Pruning: When to Use a Lopper vs Pruner vs Shears
Pruning is a horticultural art form. While we prune plants for a host of reasons, not the least of which are trimming, removing dead growth, shaping, cutting for transplanting or the collection of flowers, one need only to look at the practice of bonsai, the method of miniaturizing any tree, and it's clear how artful it can be. In other words, pruning is not simply the indiscriminate removal of branches, but the appropriate removal of the appropriate branches in an appropriate manner, with the appropriate tool, minimizing the potential damage to a plant.
As there are different types, or perhaps more accurately different reasons for pruning, so there are different tools with which to prune.
The lopper is a large tool used for lopping off or pruning twigs and branches of trees and large shrubs up to 2 inches in diameter. They look like pruning shears with long handles, designed to be operated with two hands, which enables one to get a good amount of leverage to cut and trim the thicker branches in larger shrubs and trees. Typically one blade is concave, which helps to keep the branch that is being cut from slipping out of the cutting surface, and they are generally manually loaded meaning the user opens and closes the blades.
There are two types of loppers, bypass and anvil. The bypass loppers have blades that move past each other, functioning like a scissors, they allow for smooth clean cuts. Anvil loppers, as the name suggests, have a single sharpened blade that moves across an anvil like blade. The main advantage of this style of lopper is its strength, although it tends to crush rather than cut and can leave an ugly wound in a tree leaving it subject to disease.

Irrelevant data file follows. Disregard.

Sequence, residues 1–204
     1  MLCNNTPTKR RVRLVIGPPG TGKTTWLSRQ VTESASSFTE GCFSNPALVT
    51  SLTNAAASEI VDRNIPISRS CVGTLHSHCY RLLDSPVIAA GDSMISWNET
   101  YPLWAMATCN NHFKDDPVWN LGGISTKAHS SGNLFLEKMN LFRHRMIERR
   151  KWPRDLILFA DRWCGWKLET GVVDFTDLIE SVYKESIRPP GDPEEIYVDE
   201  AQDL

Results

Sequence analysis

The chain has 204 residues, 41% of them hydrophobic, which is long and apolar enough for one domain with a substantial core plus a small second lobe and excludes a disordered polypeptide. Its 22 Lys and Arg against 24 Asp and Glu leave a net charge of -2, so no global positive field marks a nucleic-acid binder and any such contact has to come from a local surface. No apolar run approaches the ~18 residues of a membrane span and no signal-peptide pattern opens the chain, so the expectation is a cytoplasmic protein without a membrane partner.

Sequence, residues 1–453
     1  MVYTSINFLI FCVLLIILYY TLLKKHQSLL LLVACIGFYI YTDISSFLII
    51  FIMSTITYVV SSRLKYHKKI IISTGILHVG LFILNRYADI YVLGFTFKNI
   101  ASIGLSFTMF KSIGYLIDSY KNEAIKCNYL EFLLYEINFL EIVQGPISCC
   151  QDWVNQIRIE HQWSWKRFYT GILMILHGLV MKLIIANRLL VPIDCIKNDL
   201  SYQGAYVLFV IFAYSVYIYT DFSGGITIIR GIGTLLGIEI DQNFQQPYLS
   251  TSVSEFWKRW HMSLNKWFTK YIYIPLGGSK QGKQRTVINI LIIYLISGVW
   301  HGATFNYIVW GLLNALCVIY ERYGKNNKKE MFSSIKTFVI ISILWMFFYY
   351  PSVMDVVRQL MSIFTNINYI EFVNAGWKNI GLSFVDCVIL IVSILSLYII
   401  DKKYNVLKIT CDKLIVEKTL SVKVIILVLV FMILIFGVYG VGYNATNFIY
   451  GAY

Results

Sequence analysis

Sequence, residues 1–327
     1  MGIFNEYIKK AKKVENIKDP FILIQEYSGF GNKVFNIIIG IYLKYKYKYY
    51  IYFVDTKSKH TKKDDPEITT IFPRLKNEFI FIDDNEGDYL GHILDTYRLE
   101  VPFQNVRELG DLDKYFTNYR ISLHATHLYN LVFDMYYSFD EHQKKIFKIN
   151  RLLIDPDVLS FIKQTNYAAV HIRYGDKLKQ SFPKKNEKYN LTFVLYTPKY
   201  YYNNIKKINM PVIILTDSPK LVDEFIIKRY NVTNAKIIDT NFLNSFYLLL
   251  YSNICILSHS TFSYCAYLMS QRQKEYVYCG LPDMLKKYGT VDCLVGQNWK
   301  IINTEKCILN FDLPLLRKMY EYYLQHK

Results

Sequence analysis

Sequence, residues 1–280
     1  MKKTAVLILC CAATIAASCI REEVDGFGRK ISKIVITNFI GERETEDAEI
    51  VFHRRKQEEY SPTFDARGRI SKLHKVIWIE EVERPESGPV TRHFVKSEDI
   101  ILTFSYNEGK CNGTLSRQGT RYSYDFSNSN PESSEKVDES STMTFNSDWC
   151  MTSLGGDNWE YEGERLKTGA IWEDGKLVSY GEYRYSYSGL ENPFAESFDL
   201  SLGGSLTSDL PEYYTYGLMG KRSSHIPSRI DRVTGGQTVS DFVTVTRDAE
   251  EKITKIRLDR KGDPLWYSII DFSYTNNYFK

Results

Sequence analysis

As with any tool, manufacturers are always looking to improve its function. Loppers are available today with ratchet and gear technology enabling them to cut extra large limbs and making them easier to operate—some even with shock-absorbing bumpers. A ratchet style manufacturer even boasts technological advances of its loppers will increase leverage so much that it will facilitate ease of use for people with arthritis or carpal tunnel problems.
By contrast pruners are small hand held tool for use on smaller plants and shrubs. Sometimes called secateurs, they are designed to be operated with one hand and so pruners are spring loaded. By having a spring between the blades, these pruners open automatically after each cut, and are held closed my means of a locking mechanism. Leverage is minimized, but some pruners are strong enough to cut through branches of up to about an inch.
As with loppers there are the anvil and bypass pruners, and as with loppers one of the blades is typically concave. Anvil style pruners are more useful for cutting the thicker branches, while bypass pruners, which work similarly to scissors with the two blades bypassing each other, are useful for pruning thinner branches requiring smoother cuts such as trimming flowers.
There are also pruning shears that look like straight-bladed scissors with a spring between the blades, typically used more delicate pruning requiring limited leverage. They're a two handed tool built more for speed than strength and they're good for shaping large areas of small growth, like putting the shape onto a hedge.
Moral of Story
Avid gardeners often have both anvil and bypass pruners, which allow them to tackle most any pruning job. The delicacy of the job will dictate the style and the tool, however purchasing the best quality tool you can afford will help make the job easier. Better tools are more durable, they last longer, the cutting edges will remain sharper longer, and some pruners are manufactured so worn parts can be replaced, eliminating the necessity to purchase a new pruner. In fact one manufacturer suggests that the purchase of its pruners is like purchasing a family heirloom.
Looking for more pruning tips? Check out "Hands on With Doityourself.com: Pruning."